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Re: [midatlanticretro] Re: Slow modems

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  • Ryan Harvey
    I never did have to endure dial-up. All my life I have been spoiled with high-speed ethernet and wireless. I am back on the cord, though. I finally convinced
    Message 1 of 14 , Jan 25, 2008
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      I never did have to endure dial-up. All my life I have been spoiled with high-speed ethernet and wireless. I am back on the cord, though. I finally convinced my folks to let me run it. So I have a cord going from the router, along the ceiling, and into a wired router in my room.
      Back on topic!
      1200 baud isn't too bad. Seems I never have used faster and only in the last few days have used dial-up BBSing I didn't know how fast it should be. I didn't know if I should get the fast scrolling text or it all in one blast. The text scrolling at 1200 baud is pretty good. It can load an entire large paragraph in just a few seconds, faster than I can read. The ASCII graphics take longer, about 2x or more longer for an entire screen of them, but during that time I tend to get tea or stir whatever I am cooking, or just something that only takes about a minute. I use a color monitor for my computer, but a green screen wouldn't be so bad. I don't use one because I leave my PC on all day. With color I can turn the screen off. On my IBM I can do essentially the same thing. But on my AT&T, there is no power to turn off. I would have to totally unplug the screen to avoid burn-in. Back in the day to keep your battery charged(if you had one) you just used your computer. Of course, back then PCs were used about as much as today and you scrolled through alot of text so you had no burn-in worries. On the subject, how long does it take for burn-in to occur, and can a color monitor experience burn? I have never had any burns because I am always catious about leaving one thing on my screen, and thus have no clue about the timing for that. It I can find a faster 8-bit modem(I may have one) I will likely up the ante on my AT&T PC 6300. 2400 baud would be enough.
       
      --Ryan


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    • fieldfan1
      ... with high-speed ethernet and wireless. I am back on the cord, though. I finally convinced my folks to let me run it. So I have a cord going from the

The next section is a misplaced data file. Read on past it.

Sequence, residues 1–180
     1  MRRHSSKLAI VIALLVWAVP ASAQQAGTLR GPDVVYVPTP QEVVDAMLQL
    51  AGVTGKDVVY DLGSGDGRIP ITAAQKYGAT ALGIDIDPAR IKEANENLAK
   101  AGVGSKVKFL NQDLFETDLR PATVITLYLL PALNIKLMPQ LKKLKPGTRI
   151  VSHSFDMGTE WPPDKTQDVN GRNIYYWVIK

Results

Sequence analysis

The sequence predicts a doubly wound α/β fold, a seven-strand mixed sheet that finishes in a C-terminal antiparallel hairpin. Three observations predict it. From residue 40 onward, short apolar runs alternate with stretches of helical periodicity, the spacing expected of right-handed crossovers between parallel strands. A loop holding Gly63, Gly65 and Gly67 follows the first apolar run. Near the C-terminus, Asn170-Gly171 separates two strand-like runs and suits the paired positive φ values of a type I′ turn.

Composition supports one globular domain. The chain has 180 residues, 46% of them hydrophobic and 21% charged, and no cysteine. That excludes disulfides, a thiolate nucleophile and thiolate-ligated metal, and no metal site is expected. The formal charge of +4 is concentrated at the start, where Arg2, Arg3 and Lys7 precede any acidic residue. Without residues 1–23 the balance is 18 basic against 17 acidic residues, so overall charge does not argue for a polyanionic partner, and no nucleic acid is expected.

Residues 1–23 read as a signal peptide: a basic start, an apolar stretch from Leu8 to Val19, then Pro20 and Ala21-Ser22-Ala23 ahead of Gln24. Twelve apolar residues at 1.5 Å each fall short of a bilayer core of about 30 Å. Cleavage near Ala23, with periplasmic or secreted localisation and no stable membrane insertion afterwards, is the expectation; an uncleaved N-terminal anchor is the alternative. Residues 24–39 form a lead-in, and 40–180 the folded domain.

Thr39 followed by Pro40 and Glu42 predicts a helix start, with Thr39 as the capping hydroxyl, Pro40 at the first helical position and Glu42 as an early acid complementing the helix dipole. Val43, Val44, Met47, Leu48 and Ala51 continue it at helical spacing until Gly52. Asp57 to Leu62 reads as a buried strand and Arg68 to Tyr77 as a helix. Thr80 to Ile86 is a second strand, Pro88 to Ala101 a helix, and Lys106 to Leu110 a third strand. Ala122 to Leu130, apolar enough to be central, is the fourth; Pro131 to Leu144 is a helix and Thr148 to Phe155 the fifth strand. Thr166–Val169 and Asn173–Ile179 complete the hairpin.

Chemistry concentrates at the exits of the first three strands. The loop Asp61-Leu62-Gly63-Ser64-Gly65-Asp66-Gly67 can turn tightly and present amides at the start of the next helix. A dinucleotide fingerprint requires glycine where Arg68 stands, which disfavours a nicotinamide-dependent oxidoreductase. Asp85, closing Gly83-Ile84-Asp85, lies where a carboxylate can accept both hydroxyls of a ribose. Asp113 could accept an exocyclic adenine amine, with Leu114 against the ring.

Message 2 of 14 , Jan 26, 2008
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        --- In midatlanticretro@yahoogroups.com, Ryan Harvey
        <fieldhippieryan@...> wrote:
        >
        > I never did have to endure dial-up. All my life I have been spoiled
        with high-speed ethernet and wireless. I am back on the cord, though.
        I finally convinced my folks to let me run it. So I have a cord going
        from the router, along the ceiling, and into a wired router in my room.
        > Back on topic!
        > 1200 baud isn't too bad. Seems I never have used faster and only
        in the last few days have used dial-up BBSing I didn't know how fast
        it should be. I didn't know if I should get the fast scrolling text or
        it all in one blast. The text scrolling at 1200 baud is pretty good.
        It can load an entire large paragraph in just a few seconds, faster
        than I can read. The ASCII graphics take longer, about 2x or more
        longer for an entire screen of them, but during that time I tend to
        get tea or stir whatever I am cooking, or just something that only
        takes about a minute. I use a color monitor for my computer, but a
        green screen wouldn't be so bad. I don't use one because I leave my PC
        on all day. With color I can turn the screen off. On my IBM I can do
        essentially the same thing. But on my AT&T, there is no power to turn
        off. I would have to totally unplug the screen to avoid burn-in. Back
        in the day to keep your battery charged(if you had one) you just used
        your computer. Of course,
        > back then PCs were used about as much as today and you scrolled
        through alot of text so you had no burn-in worries. On the subject,
        how long does it take for burn-in to occur, and can a color monitor
        experience burn? I have never had any burns because I am always
        catious about leaving one thing on my screen, and thus have no clue
        about the timing for that. It I can find a faster 8-bit modem(I may
        have one) I will likely up the ante on my AT&T PC 6300. 2400 baud
        would be enough.
        >
        > --Ryan
        >
        >
        > ---------------------------------
        > Be a better friend, newshound, and know-it-all with Yahoo! Mobile.
        Try it now.
        >
        My first computer was a Commodore Vic 20 with a 300 baud VIC modem,
        but I did most of my early telecom on an Atari 800XL with first a 300